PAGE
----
TCP Reflection Attacks: Then and Now
We recently published a blog post about the rise in TCP reflection attacks throughout 2019. The public was able to observe the reflection campaign’s targeting of different verticals because the criminal(s) behind the attacks are leveraging public infrastructure as their refractors.
Ultimately, we published our insight into these campaigns because of their impact on both primary and secondary targets, resulting in service degradation and the blacklisting of misrepresented IP addresses.
A Brief History Lesson
Refection attacks that gain amplification are nothing new. In fact, one of the original reflection attacks was called a Smurf Attack and authored by Dan Moschuk, aka TFreak, in the late 90’s. A Smurf Attack was a Distributed and Reflective Denial of Service (DrDoS) attack that involved broadcasting ICMP echo requests (Ping) to a wide range of network devices with a spoofed source address. As a result, most of the devices that received this falsified request would respond with an echo reply to the spoofed source, generating a high rate of ICMP traffic that would flood the victim’s devices.
TFreak also authored the Fraggle attack, a variation of the Smurf attack that involved reflecting spoofed UDP traffic off of port 7 (ping) and 19 (Chargen). As time progressed, these two attack vectors from the 90’s became so easy to mitigate, they were no longer effective and bot herders began searching for different methods.
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The Next Breakthrough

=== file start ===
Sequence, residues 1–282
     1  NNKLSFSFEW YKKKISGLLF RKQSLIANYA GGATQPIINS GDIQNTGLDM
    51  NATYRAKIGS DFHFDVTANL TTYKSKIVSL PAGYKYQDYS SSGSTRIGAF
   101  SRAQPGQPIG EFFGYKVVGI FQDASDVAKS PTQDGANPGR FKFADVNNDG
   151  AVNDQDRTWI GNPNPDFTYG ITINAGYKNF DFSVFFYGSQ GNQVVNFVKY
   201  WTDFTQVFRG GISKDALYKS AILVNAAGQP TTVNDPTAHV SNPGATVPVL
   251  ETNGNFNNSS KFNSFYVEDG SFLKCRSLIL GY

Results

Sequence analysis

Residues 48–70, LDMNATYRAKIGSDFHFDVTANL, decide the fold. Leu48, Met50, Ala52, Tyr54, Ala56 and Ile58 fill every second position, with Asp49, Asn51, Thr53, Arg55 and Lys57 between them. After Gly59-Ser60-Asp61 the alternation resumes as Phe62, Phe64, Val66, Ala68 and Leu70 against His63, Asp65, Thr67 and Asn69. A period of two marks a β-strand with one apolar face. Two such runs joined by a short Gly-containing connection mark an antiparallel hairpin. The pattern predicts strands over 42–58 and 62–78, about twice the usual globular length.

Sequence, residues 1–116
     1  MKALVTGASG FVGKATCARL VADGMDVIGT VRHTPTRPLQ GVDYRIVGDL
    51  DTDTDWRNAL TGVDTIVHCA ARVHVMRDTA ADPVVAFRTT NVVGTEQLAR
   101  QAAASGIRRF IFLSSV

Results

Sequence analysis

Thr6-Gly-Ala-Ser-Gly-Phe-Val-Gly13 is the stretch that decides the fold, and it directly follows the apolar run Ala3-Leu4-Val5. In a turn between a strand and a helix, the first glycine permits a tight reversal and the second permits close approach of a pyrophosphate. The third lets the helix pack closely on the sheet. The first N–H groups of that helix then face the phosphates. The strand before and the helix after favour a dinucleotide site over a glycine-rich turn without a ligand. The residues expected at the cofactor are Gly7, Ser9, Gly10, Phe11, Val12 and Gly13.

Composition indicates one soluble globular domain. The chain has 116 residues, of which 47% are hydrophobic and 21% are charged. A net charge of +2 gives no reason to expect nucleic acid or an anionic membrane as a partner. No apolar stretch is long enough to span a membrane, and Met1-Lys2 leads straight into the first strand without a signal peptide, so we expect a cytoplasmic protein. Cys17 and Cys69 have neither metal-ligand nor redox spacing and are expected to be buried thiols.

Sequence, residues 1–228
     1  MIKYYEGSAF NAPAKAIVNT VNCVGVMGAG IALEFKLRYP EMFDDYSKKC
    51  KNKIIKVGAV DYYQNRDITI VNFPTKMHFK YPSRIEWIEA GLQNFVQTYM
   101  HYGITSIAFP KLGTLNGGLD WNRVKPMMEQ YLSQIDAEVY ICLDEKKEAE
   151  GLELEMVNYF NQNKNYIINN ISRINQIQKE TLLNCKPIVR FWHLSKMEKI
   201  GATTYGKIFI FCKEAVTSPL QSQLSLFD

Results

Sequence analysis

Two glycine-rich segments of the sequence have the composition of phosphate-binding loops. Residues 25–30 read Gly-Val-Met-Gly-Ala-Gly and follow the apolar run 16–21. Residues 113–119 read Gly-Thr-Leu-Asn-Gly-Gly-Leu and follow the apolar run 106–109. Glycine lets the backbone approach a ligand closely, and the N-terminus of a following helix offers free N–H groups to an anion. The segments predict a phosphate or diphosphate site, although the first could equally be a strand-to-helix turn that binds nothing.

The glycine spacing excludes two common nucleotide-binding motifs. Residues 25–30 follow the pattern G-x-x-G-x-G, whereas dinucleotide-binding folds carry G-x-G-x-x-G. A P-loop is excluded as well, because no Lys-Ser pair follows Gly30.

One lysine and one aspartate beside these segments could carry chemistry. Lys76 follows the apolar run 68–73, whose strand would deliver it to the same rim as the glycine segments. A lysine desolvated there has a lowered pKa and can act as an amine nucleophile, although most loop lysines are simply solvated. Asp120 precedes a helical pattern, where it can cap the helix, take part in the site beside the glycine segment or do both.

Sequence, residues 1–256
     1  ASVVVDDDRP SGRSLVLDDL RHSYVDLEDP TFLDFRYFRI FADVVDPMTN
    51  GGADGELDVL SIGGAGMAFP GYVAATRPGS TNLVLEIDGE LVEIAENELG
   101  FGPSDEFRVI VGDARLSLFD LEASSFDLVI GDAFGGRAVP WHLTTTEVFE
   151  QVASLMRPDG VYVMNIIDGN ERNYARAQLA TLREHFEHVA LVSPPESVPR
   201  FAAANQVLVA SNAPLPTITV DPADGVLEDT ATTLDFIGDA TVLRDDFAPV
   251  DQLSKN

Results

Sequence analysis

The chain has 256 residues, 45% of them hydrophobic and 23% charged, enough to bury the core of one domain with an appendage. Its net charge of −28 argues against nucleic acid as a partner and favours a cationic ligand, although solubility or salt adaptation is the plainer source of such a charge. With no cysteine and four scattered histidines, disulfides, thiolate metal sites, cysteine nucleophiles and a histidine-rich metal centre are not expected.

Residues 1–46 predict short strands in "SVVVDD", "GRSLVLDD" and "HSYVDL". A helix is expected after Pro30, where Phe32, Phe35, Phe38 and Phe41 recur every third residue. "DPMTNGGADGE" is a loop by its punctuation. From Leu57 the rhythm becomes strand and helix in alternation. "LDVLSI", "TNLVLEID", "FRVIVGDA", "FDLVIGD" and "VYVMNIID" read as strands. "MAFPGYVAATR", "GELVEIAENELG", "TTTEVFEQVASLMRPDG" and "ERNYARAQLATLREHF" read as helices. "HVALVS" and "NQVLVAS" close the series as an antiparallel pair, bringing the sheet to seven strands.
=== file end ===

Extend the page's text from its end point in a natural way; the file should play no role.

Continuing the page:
It wasn’t long until the next breakthrough occurred. In 2002, SC Magazine covered the growth in a piece called ‘A next-generation DoS Attack: Distributed Reflections’, which covered the evolution of SYN flood attacks to include a reflection technique.
SYN flood attacks at the time were not distributed in the terms we know today. In the early 2000’s a single attacker or an attacker with a network of compromised PC’s, also known as a botnet, would leverage their resources to send multiple SYN floods to a single target. As the attack vector landscape evolved, attackers learned how to launch spoofed SYN floods with reflective properties. Instead of bouncing a spoofed SYN packet off of their primary target resulting in a half open connection with a random IP, attackers reversed the process and leveraged random network devices as reflectors to send a SYN-ACK vs. a spoofed SYN packet to their primary target.
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At the time, it was known that network devices would re-transmit packets if a response was not received. This feature was designed to account for packet loss, but it was assumed that devices would only re-transmit a packet five times, the default setting. Amplified TCP attacks were not a major concern because a TCP flood had different objectives than a UDP flood.